If you think you have been contacted by a robocaller or phone spoofer, we recommend that you act immediately by following our guidelines below, and then proceed to our ReportRecover and Reinforce sections for further assistance.

Some Immediate Action Steps to Take

  • If you have shared personal information with a spoofer or robocaller:
    • Visit from the Federal Trade Commission to file a report and create a personalized plan for recovery.
    • Notify your bank or financial institution about the theft of your personal information.
    • If you shared your Social Security number, Go to to obtain a free copy of your credit report, add a fraud alert or freeze your credit on Experian, Equifax and TransUnion in one place. Visit our Social Security Identity Theft resources for more action steps.
    • If you have wired money or made a payment, contact your financial institution and/or the money service you used right away.
      • You can reach the complaint department of MoneyGram at 1-800-MONEYGRAM (1-800-666-3947) or Western Union at 1-800-325-6000.
        • If you suspect that a friend or family member is being impacted by fraud, you can file an interdiction request which will block that person from transacting with Western Union. Send an email request to
  • If your number is being spoofed:
    • Do not answer any calls from unknown numbers. If you do, explain that your number is being spoofed and that you didn’t make any calls.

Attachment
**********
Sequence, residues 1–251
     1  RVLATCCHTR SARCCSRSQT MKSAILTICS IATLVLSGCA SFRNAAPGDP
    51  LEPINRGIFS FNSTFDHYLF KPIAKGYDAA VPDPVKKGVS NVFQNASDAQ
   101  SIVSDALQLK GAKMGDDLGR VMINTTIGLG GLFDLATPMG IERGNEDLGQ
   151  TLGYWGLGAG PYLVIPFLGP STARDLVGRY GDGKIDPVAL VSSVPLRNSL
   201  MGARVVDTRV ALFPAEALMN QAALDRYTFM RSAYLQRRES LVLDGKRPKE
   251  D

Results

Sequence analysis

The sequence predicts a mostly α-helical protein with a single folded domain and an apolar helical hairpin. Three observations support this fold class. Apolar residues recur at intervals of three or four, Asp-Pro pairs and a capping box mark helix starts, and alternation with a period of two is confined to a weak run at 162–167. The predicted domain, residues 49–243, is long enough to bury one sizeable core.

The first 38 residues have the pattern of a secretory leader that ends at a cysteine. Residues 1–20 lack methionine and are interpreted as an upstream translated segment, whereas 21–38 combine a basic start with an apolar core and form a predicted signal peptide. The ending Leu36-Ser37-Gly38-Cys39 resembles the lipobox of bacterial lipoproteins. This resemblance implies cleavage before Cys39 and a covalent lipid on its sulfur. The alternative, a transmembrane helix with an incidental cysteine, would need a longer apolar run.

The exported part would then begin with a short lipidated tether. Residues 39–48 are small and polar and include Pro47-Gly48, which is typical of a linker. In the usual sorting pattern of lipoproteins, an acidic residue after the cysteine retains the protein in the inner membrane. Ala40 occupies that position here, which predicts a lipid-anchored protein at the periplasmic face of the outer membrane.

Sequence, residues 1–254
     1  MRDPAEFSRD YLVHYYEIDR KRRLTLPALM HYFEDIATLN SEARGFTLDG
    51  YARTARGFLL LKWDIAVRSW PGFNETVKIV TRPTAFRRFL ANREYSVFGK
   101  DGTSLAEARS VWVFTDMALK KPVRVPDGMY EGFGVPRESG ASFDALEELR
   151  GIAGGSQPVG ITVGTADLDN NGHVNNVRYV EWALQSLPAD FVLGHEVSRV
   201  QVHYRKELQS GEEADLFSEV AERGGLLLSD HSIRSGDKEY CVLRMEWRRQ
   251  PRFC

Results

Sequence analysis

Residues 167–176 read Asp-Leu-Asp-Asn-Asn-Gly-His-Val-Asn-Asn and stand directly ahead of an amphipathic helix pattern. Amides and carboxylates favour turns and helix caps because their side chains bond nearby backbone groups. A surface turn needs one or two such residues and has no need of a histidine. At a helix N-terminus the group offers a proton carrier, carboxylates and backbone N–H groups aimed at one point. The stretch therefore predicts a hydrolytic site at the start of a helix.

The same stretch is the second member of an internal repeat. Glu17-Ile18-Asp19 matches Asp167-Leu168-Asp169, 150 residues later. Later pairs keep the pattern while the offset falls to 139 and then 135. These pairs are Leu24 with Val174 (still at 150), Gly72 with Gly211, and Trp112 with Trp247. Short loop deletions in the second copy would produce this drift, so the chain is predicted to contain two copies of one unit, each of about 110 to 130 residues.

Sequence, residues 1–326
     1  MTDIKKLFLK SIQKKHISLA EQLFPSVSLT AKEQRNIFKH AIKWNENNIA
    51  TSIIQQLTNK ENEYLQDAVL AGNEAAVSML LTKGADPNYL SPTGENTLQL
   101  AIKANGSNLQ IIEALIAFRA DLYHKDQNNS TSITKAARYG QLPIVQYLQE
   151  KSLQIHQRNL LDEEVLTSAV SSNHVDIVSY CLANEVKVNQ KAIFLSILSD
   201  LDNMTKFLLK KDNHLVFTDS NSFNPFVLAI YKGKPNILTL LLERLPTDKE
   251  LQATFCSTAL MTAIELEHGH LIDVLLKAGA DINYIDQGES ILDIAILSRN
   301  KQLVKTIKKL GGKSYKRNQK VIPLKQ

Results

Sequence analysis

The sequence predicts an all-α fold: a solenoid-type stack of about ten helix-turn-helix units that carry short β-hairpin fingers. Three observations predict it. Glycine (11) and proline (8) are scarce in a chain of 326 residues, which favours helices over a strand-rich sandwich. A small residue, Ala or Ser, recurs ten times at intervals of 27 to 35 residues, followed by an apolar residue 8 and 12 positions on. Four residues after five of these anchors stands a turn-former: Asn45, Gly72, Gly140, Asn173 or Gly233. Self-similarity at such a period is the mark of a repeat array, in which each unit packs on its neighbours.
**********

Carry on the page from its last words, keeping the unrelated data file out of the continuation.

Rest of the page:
• Keep in mind that scammers change numbers often. It’s likely that within a few hours they won’t be using yours anymore.


File a complaint with the Federal Communications Commission.

Reporting spoofing and robocall incidents to the FCC is very important!  The more national reporting data that is collected, the better the chance phone service providers have at combating these calls. Although the FCC does not resolve individual complaints directly, they use the data to help identify trends and make your report available to your phone service provider.


These resources have been gathered, selected and vetted to help simplify the process of recovering after a cybercrime incident has taken place. You may need to contact organizations outside Results will vary depending on your circumstances.

If you have shared personal information:


Once you have notified the appropriate organizations and you are on the road to recovery, it is time to reinforce your cybersecurity using these resources and tools.

Implement Preventative Measures

  • Avoid giving out your personal or financial information over the phone unless you initiated the contact or have already established trust.
  • Don’t answer calls from phone numbers you don’t know, even if they appear to be local. The caller will leave a message if it is important.
  • Closely monitor and review your credit reports and accounts on a regular basis.
  • If you receive a call from someone who says they represent a company or a government agency, hang up and call the phone number on the company’s or government agency’s website to verify the request.
  • Don’t share your Social Security number unless absolutely necessary — provide alternative information when possible.
  • Do not respond to any questions, especially those that can be answered with “Yes” or “No.” Scammers edit your recorded answer later to make it sound like you authorized a purchase.
  • If you pick up and the caller asks you to press a button to stop receiving calls, just hang up. Scammers use these tricks to find and target potential victims.
  • Download our Six Steps to Better Security PDF.

Community Resources